Goatsbeard makes a great hardy perennial for the shade garden. I grow the tall Aruncus dioicus (goatsbeard) and the short Aruncus aethusifolius (dwarf Korean goatsbeard) in my garden. Other than having similarly shaped cream coloured flower plumes, the plants are very different looking.
The tiny Aruncus aethusifolius grows about 30 cm (a foot) around. The attractive foliage is very finely cut, like a fern. This plant has a very neat mounding shape. These dwarf goatsbeard get small cream coloured plumes over top of the lacy foliage, which makes for an appealing package for the front of the garden bed.
These plants are new this year, but I used to grow this plant a few years ago. Through unfortunate timing, I moved the plants in summer, and then went away on vacation for a month. That’s a good recipe for unhappy plants, and the old plants never recovered. The little blue flower is from a Brunnera.
Here is an Aruncus aethusifolius in front of a Brunnera macrophylla. The more delicate foliage of the dwarf goatsbeard looks great with the large, heart-shaped Brunnera leaves, and both do fine in the shade garden.
Aruncus dioicus, the tall goatsbeard, makes a great plant for the back of the shady border, or a corner. Mine are about 2 metres (6 feet) tall and about 1.5 m (5 feet across). The tall flower plumes are the most striking feature of these plants. These light colours especially catch the eye in the shade of the garden. Although the flowers only last for 3 weeks or so, they make a good spectacle when they are blooming. For the rest of the season, the goatsbeard works as a green backdrop to other plants in the garden. The foliage is much coarser than the dwarf goatsbeard. The bottom leaves cover the ground well, and I don’t get any weeds trying to grow through them.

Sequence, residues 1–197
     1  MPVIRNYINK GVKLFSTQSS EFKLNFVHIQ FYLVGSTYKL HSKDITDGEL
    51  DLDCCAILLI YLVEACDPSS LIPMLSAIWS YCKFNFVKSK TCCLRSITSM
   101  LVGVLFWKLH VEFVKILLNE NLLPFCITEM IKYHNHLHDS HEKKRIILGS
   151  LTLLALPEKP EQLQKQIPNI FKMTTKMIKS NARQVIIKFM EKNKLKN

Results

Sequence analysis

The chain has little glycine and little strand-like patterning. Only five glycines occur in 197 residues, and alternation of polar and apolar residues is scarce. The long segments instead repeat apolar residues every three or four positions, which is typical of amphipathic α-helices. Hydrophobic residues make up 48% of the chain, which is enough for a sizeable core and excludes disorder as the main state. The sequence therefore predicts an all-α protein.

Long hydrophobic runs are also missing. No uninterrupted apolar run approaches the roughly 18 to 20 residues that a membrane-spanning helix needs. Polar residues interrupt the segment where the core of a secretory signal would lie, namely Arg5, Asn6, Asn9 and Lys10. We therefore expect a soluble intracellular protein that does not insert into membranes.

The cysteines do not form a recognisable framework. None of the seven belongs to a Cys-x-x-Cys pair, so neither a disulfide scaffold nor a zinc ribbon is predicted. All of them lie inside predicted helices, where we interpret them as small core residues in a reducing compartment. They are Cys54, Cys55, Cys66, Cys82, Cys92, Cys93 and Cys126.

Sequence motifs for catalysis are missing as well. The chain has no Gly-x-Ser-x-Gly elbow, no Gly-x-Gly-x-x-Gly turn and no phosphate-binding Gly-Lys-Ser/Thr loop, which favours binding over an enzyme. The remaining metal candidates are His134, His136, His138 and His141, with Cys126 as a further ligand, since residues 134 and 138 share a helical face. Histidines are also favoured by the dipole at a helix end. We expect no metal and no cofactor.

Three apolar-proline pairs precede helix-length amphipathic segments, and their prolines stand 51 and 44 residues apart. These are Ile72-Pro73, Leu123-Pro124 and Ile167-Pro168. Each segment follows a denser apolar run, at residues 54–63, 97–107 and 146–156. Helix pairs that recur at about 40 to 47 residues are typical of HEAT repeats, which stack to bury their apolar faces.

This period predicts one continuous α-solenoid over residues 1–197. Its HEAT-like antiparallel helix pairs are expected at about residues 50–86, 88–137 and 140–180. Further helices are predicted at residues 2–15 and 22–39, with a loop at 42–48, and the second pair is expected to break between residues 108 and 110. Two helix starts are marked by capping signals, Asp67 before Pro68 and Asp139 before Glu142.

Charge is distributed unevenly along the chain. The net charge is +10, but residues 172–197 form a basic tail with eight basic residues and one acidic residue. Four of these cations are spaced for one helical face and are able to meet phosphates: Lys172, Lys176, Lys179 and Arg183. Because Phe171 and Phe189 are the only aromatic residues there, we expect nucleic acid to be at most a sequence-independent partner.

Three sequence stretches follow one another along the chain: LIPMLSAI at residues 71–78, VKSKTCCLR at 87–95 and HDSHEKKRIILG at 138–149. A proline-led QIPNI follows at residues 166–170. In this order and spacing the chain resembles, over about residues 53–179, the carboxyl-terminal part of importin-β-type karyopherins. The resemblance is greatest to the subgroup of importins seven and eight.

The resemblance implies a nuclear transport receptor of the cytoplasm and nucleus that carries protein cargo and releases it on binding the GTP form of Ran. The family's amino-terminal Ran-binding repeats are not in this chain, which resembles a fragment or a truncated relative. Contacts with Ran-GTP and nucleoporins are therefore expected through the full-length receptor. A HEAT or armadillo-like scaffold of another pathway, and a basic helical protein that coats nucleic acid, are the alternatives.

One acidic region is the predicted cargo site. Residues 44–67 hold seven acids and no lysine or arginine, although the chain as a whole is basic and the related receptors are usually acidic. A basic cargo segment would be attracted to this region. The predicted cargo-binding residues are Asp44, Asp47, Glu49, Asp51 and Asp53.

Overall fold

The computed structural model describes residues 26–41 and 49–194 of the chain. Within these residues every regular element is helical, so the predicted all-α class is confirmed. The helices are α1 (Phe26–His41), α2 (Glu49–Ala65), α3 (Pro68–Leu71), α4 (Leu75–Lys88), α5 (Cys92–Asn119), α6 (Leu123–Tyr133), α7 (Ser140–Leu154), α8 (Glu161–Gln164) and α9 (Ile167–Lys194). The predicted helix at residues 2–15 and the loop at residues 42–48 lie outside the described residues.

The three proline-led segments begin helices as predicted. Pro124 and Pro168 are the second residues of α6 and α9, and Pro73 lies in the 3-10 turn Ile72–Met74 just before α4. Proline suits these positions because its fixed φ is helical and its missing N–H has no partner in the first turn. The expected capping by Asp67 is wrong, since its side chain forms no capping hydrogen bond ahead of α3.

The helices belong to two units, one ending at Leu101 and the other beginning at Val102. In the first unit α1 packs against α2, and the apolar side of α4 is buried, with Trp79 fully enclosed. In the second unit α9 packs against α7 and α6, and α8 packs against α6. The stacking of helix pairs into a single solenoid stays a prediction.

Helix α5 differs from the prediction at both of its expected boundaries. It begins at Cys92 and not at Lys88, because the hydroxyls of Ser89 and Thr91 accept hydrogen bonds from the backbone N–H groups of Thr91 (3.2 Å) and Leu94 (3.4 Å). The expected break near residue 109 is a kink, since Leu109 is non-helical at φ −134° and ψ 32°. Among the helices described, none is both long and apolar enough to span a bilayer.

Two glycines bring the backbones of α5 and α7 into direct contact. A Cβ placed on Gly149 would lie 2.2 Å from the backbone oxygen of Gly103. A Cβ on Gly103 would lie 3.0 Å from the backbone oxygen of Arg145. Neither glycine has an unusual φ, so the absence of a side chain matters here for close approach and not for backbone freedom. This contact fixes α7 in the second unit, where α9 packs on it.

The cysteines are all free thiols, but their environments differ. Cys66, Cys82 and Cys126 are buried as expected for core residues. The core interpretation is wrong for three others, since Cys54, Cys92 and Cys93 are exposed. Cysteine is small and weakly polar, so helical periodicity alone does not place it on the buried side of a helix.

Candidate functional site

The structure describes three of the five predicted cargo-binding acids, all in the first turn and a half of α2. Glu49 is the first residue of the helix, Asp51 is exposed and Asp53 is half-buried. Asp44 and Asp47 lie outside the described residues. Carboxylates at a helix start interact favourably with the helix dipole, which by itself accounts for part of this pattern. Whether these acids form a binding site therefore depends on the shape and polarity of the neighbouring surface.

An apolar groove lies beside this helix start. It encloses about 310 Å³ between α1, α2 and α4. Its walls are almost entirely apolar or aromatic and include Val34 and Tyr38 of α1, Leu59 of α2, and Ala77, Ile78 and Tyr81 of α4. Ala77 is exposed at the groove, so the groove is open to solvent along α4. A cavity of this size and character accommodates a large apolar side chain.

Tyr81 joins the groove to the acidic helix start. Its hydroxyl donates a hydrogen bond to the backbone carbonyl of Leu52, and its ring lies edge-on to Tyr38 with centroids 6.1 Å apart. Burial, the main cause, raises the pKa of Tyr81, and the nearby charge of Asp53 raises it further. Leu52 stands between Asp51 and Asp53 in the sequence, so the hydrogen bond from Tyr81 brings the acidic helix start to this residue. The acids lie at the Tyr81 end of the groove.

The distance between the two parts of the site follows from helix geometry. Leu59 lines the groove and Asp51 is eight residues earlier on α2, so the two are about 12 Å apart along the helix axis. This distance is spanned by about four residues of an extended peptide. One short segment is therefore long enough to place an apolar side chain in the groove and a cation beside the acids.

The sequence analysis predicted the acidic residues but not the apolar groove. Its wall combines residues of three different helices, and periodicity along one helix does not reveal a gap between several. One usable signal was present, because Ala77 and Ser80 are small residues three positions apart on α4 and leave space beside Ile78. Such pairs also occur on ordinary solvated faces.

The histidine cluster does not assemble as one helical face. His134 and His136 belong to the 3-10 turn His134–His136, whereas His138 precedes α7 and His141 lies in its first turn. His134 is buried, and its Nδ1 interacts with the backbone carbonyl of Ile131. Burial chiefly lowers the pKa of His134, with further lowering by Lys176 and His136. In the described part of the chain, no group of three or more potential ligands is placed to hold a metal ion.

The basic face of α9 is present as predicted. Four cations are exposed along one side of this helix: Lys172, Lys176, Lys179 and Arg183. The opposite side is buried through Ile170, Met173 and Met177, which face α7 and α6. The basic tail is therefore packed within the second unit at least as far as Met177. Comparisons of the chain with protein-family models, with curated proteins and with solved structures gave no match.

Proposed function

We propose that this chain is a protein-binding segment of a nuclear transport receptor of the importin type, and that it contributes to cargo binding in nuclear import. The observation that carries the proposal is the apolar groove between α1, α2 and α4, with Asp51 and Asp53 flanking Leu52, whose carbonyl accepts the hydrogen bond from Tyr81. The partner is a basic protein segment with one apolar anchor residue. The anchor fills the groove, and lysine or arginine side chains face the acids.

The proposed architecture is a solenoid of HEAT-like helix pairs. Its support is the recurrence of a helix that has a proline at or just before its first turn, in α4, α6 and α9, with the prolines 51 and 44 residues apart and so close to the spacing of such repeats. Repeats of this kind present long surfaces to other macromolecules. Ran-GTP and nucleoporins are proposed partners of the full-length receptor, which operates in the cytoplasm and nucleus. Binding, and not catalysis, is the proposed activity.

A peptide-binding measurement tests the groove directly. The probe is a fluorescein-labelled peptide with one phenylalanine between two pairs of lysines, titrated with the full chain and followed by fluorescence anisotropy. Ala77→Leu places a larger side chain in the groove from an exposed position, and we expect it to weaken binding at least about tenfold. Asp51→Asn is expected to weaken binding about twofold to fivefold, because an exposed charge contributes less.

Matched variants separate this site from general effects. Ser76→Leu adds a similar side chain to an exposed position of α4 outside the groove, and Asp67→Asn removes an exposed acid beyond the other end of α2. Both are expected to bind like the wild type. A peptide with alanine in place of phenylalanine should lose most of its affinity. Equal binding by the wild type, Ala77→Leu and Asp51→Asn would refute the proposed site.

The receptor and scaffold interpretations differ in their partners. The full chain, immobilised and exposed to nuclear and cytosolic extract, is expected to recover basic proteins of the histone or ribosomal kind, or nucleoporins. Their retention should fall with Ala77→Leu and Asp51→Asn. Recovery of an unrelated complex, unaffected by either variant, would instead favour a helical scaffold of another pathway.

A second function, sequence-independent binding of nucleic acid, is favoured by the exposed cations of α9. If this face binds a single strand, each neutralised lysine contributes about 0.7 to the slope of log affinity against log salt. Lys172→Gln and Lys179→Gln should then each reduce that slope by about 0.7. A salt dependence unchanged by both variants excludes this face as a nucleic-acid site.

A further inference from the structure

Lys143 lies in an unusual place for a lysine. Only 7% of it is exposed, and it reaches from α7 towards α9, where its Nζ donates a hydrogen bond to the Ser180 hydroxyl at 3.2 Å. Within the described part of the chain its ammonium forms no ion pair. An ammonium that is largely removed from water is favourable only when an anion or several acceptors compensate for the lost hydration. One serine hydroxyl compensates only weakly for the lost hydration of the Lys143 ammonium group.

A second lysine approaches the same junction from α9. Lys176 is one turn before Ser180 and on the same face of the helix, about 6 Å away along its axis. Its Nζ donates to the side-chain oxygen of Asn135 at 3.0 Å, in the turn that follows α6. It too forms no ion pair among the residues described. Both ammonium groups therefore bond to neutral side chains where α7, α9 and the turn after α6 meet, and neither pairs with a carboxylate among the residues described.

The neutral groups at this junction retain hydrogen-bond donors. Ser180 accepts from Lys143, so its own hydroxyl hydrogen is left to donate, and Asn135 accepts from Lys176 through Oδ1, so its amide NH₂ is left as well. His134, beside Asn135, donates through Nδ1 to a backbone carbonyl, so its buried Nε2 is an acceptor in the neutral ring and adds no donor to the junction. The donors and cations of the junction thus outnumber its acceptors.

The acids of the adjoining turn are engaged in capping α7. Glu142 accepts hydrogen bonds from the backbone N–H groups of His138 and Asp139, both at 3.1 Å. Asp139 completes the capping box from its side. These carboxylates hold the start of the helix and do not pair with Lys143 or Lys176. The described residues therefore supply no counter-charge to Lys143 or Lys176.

In spring, the new shoots of goatsbeard are particularly attractive as they emerge with bright red stems. It doesn’t take long for these to grow to their full height.
The plumes on this A. dioicus are fluffier than my other one. Since the goatsbeards have separate male and female plants (dioecious), these are the male flowers. These extra fluffy flowers are very similar to the astilbes which will soon be flowering. You can see more pictures of the male goatsbeard flowers in this article.
The above plant is the Aruncus dioicus that I accidentally turned into a bonsai. Neither tall, nor dwarf, it occupies a middle layer in the garden. This poor plant originally had a deep shade location, but it never grew more than 45 cm (1.5 feet), so I moved it to a medium shade area. Goatsbeard are not keen on being moved, and it sulked for the last 3 summers, not growing over 60 cm (2 feet). Although there are crosses that are midway in height, this one is a result of nurture, not nature. I think the combination of neglected childhood plus move has stunted this plant. This year at last, it has flowers for the first time. I wouldn’t advise moving a dioicus goatsbeard, since they don’t appreciate it, and if the roots are already established, you won’t either.
Here is a flowers spike of a tall goatsbeard at my garden gate, with a white flowering mockorange shrub further down the walkway behind. This garden area gets a couple hours of direct sun. Which seems to be enough for the Aruncus.This photo makes me laugh, since behind the mockorange, the garden seems to disappear into a black hole. It is not really that dark back there, just a little shady. :)
Both of these goatsbeards make great garden plants, and do well in medium shade. I appreciate the tall Aruncus dioicus for its dramatic flower sparklers, which tower at head height. I particularly like the dwarf Aruncus aethusifolius for its neat shape, beautiful leaves, and miniature flower wands.
More photos and information about goatsbeard perennials can be found in this post.